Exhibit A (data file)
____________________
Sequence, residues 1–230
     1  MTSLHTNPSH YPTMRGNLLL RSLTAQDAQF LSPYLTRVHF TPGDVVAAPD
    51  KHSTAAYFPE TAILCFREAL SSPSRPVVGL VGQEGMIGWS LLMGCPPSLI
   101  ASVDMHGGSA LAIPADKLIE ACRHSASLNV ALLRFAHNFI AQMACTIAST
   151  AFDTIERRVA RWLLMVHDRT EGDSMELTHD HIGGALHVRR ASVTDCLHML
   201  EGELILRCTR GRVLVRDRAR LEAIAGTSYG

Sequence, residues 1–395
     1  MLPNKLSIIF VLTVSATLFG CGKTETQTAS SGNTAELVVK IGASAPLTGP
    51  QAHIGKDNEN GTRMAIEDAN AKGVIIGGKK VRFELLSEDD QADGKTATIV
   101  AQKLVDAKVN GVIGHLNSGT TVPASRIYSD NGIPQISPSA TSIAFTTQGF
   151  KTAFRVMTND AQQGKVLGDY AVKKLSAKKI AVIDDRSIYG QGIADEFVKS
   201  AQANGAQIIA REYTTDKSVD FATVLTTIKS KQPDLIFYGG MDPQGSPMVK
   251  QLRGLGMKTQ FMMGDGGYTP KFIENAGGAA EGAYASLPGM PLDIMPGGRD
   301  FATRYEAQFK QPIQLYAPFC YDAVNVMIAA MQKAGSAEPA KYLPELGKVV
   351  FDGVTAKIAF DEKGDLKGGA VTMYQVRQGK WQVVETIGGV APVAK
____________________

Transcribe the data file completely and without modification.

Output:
Sequence, residues 1–230
     1  MTSLHTNPSH YPTMRGNLLL RSLTAQDAQF LSPYLTRVHF TPGDVVAAPD
    51  KHSTAAYFPE TAILCFREAL SSPSRPVVGL VGQEGMIGWS LLMGCPPSLI
   101  ASVDMHGGSA LAIPADKLIE ACRHSASLNV ALLRFAHNFI AQMACTIAST
   151  AFDTIERRVA RWLLMVHDRT EGDSMELTHD HIGGALHVRR ASVTDCLHML
   201  EGELILRCTR GRVLVRDRAR LEAIAGTSYG

Sequence, residues 1–395
     1  MLPNKLSIIF VLTVSATLFG CGKTETQTAS SGNTAELVVK IGASAPLTGP
    51  QAHIGKDNEN GTRMAIEDAN AKGVIIGGKK VRFELLSEDD QADGKTATIV
   101  AQKLVDAKVN GVIGHLNSGT TVPASRIYSD NGIPQISPSA TSIAFTTQGF
   151  KTAFRVMTND AQQGKVLGDY AVKKLSAKKI AVIDDRSIYG QGIADEFVKS
   201  AQANGAQIIA REYTTDKSVD FATVLTTIKS KQPDLIFYGG MDPQGSPMVK
   251  QLRGLGMKTQ FMMGDGGYTP KFIENAGGAA EGAYASLPGM PLDIMPGGRD
   301  FATRYEAQFK QPIQLYAPFC YDAVNVMIAA MQKAGSAEPA KYLPELGKVV
   351  FDGVTAKIAF DEKGDLKGGA VTMYQVRQGK WQVVETIGGV APVAK